At the turn of the 21st century, in Spain nothing was impossible. No construction project was too large or too difficult. With vasts credits from German banks and money pouring in from generous European Union funds, visionary politicians sowed the Spanish territory with overdimensioned urban plans and yesterday’s state of the art infrastructural projects. The business was in construction; the projects’ necessity or economic viability were secondary issues all too often overlooked, if not plainly ignored.
In the peak year of 2006 Spain constructed more houses than France, Germany and Great Britain put together. Spain had Europe’s longest highway network, twice as many commercial airports as Germany, and the world’s second longest high-speed rail network. Spain was the land of gold and honey and the economic growth seemed to have no limits. The world was in awe of the “Spanish miracle”.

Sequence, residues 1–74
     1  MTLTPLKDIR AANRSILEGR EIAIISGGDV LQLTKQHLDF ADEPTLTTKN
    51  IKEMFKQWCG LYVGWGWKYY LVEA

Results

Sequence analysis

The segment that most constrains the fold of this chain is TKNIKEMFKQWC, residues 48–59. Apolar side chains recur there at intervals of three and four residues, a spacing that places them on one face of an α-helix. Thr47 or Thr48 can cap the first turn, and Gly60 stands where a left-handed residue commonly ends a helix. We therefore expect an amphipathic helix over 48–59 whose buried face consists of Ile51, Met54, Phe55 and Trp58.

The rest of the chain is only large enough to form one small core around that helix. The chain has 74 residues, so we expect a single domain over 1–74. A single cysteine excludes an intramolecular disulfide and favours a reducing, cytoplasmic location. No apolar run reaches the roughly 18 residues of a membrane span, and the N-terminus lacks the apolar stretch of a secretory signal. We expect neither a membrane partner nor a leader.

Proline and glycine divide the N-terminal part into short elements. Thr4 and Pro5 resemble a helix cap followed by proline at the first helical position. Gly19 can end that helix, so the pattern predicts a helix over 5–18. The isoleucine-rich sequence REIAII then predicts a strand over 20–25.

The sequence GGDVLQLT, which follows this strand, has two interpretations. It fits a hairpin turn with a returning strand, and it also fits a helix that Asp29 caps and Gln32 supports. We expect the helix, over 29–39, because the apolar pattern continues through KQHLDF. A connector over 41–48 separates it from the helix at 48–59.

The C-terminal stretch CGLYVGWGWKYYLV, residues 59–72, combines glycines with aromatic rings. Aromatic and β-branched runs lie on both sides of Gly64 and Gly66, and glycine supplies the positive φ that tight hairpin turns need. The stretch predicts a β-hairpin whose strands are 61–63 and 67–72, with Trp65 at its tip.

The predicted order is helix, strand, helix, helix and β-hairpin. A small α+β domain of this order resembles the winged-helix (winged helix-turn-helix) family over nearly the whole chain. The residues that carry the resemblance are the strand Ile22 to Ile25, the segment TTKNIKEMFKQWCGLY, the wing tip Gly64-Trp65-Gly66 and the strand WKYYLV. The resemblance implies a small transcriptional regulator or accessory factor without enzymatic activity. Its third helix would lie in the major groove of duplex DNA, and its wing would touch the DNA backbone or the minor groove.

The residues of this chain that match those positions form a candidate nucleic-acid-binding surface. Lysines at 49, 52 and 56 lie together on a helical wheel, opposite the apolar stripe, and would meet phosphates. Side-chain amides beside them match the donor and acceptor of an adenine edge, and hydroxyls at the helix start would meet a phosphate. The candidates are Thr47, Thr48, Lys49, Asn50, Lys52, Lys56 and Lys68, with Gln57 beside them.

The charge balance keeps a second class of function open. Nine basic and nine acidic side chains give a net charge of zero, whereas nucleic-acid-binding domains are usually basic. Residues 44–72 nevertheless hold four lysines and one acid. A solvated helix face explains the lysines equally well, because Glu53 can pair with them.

When reality finally caught up with Spain, in 2007, its urbanized surface had increased by a shocking 52 % in only 18 years, and its landscape was littered by a myriad of deserted infrastructural projects. Airports without passengers, highways without cars, hospitals without patients… Not to mention the two million empty houses no one wanted to move into. All built with the money of the future generations.